Contrasting AC and DC relay specifications

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Relay voltage specifications are often misunderstood as there are several closely related parameters that are easy to misinterpret. The root of the confusion may be attributed to a misunderstanding of the relay itself. Recall that there are two electrical components inside a relay including the contacts and the coil. As the coil is energized, the mechanical armature physically and forces the contact(s) to change state.

A classic error is to conflate the contact specifications with the coil specifications.


Let’s start with the simple coil specification. The coil of a relay is designed for either AC or DC operation. This is a binary specification relating to the physical construction of the coil. A relay coil designed for DC operation will not work with an AC power. You can try, but all that will happen is the relay will buzz with no motion on the armature. The DC relay’s armature will not move as the coil magnetic circuit is missing a critical component known as the shade pole winding – a topic for another day. The relay in this picture is an AC relay. The copper shade pole winding looks like the letter D.

Once again, the coil specification is generally considered a binary specification. In most cases you should select a relay with the coil appropriate for voltage used in your design. This will ensure the relay operates as expected. For example, the relay will hold when subject to mechanical vibration in mobile equipment or when subject to vibrating machinery such as an industrial air compressor.


The contact specifications aren’t nearly as straightforward as the coil specifications. You will often find relays with multiple voltages. As an example, a typical relay such as the one shown above has three voltage rating including:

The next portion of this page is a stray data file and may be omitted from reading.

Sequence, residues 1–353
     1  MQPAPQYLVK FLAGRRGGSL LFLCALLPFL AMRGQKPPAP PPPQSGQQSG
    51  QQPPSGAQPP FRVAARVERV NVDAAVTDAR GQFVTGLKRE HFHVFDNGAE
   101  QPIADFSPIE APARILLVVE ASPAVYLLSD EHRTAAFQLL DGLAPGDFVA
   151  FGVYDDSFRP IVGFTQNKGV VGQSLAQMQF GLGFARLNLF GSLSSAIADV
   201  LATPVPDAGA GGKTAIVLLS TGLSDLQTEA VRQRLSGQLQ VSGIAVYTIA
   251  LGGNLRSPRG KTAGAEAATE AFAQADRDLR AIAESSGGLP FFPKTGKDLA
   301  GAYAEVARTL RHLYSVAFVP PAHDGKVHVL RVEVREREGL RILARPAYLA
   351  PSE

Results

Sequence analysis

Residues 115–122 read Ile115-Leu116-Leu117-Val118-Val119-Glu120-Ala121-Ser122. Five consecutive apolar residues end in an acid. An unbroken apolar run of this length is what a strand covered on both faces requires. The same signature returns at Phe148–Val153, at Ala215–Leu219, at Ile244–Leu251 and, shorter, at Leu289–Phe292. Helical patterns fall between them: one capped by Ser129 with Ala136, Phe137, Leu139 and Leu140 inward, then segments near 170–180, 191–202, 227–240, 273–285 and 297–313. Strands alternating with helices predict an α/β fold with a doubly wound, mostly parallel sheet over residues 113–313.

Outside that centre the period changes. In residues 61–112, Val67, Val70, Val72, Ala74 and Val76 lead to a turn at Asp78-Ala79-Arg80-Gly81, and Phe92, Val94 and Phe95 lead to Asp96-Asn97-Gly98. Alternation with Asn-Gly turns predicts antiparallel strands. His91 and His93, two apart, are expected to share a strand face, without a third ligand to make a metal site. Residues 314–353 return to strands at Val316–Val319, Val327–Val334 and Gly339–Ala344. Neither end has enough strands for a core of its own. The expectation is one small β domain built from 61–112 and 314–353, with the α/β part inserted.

• 110 VAC, 10 A resistive / 7.5 A inductive
  • 220 VAC, 7.5 A resistive / 5 A inductive
  • 30 VDC, 10 A resistive / 5 A inductive

Additional constraints are included describing the power factor of the inductive load and the L/R time constant.

This complexity captures the physics associated with opening a switch under load. Recall that an electrical arc forms then the contacts are opened. This arc is a function of the voltage, type of load, and the type of current.

The nature of the arc extinguishing is summarized in this graphic:

Observe that higher voltage and more inductive loads cause arcs that are difficult to extinguish. Finally, a DC arc is difficult to extinguish. Consequently, that “10 Amp” relay is deratted for 5A with an inductive load in a 220 VAC system. It is further deratted to 30 V and 5A in a DC system.

It very important that the relay be able to open and quickly extinguish the arc. Prolonged arcing can quickly destroy the relay’s contacts. The contacts can overheat. In extreme cases the load will not be disconnected when the relay’s contacts open. This is a risk to the equipment as well as the operator.

For reference, here is a picture of contactor rated for 10 A in 250 VDC system. You can see that is considerably larger than the previous relay.


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Best Wishes,

APDahlen

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